We have found that the allergens and/or extractable protein content of a latex device can be reduced by subjecting the un-cured latex device to a pre-cure leaching treatment with a solution containing a protease, followed by curing and a post-cure leaching treatment.
 Accordingly, there is provided a method for reducing the amount of allergens and/or extractable protein in a latex device, comprising subjecting the latex device to the steps of:
 a pre-cure leaching treatment with a leaching solution containing a protease;
 a curing treatment; and
 a post-cure leaching treatment.
 In a second aspect, there is provided a method for preparing a latex device, comprising the steps of:
 forming the un-cured latex into the desired shape;
 pre-cure leaching with a leaching solution containing a protease;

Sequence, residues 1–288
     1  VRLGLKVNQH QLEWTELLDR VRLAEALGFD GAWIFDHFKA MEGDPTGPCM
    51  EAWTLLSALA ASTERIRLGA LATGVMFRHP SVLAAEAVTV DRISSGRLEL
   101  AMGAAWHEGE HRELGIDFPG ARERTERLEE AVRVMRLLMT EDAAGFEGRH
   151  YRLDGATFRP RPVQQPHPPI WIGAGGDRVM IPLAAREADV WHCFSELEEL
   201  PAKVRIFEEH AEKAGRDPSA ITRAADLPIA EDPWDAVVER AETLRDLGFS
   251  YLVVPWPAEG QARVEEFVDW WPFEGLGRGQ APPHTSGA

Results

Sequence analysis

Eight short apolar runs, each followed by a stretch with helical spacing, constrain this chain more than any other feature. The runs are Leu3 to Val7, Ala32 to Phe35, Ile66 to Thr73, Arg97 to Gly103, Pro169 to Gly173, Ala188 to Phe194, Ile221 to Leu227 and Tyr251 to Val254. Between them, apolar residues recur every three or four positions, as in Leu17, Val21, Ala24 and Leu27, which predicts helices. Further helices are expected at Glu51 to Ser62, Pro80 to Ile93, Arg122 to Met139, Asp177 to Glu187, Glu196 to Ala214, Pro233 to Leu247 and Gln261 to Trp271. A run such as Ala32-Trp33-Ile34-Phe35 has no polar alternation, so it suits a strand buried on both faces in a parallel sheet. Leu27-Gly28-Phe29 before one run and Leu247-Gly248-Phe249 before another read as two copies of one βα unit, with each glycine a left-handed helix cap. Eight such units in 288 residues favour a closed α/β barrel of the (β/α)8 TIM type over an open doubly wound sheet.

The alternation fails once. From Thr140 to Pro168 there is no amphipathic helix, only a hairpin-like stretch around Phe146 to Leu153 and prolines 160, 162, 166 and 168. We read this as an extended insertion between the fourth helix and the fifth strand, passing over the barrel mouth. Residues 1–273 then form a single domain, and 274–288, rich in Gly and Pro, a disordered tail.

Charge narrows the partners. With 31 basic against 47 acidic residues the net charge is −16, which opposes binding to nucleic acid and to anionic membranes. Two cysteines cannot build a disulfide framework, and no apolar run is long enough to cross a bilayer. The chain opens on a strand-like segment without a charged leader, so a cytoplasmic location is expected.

post-cure leaching; and
 recovering the latex device
 In a preferred embodiment, the post-cure leaching treatment is done with a leaching solution comprising a salt and/or a surfactant. In another preferred embodiment the method results in a ratio between extractable protein and allergens of at least 1.
 In a third aspect, there is provided a latex device obtainable by the method of the invention.
 In a further aspect, there is provided a latex device with a ratio between extractable protein and allergens of at least 1. The invention also covers use of the latex device for protection of humans and animals from chemicals, bacteria and virus.
 The methods of the invention are applicable to any device made of latex, particularly latex-dipped products, such as latex gloves.
 Other advantages of using the methods of the invention include reduced process time and reduced water usage as compared to traditional methods.
 The protein content in latex devices is commonly expressed in two different ways: as total extractable protein and as protein allergens.